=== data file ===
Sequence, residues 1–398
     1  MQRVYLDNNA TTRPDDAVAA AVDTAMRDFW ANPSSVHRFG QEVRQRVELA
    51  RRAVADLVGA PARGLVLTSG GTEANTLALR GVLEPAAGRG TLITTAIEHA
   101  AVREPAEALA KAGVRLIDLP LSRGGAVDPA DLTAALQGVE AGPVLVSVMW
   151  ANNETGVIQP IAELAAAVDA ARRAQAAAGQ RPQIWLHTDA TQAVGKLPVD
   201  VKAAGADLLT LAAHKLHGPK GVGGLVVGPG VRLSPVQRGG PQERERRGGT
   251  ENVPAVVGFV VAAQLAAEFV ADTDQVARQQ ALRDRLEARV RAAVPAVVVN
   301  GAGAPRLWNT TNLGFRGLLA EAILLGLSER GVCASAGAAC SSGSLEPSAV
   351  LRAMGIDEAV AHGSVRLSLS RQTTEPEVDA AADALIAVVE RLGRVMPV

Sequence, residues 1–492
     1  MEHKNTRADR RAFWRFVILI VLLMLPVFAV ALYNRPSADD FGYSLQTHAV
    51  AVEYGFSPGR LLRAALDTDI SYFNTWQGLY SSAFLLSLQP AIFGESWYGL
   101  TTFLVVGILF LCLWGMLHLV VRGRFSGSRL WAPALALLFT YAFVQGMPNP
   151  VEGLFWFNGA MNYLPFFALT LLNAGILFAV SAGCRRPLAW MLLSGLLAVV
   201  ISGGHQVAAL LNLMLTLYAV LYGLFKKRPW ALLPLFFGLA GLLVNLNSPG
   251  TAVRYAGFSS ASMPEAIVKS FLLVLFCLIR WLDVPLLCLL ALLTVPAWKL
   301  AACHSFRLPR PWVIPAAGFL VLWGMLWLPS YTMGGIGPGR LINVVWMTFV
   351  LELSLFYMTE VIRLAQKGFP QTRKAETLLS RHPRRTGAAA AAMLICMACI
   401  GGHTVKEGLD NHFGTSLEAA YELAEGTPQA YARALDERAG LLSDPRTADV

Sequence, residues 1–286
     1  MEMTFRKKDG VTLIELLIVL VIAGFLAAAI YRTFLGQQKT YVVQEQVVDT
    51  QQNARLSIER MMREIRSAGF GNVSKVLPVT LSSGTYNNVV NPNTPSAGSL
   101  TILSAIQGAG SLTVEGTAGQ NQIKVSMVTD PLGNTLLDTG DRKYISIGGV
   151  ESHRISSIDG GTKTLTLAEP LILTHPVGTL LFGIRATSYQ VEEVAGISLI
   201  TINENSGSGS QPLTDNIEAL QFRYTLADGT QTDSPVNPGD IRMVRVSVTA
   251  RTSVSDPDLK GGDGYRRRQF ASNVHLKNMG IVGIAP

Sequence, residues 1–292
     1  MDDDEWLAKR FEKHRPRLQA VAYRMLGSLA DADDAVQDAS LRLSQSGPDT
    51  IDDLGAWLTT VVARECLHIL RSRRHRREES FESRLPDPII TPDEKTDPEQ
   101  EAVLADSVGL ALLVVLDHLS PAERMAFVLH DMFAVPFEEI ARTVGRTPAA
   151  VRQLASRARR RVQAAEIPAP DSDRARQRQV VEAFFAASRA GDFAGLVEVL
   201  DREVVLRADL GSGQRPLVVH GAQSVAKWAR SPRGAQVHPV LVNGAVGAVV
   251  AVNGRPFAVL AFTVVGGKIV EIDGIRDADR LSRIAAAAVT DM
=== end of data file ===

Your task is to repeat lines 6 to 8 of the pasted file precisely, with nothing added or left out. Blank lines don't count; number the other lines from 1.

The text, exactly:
   201  VKAAGADLLT LAAHKLHGPK GVGGLVVGPG VRLSPVQRGG PQERERRGGT
   251  ENVPAVVGFV VAAQLAAEFV ADTDQVARQQ ALRDRLEARV RAAVPAVVVN
   301  GAGAPRLWNT TNLGFRGLLA EAILLGLSER GVCASAGAAC SSGSLEPSAV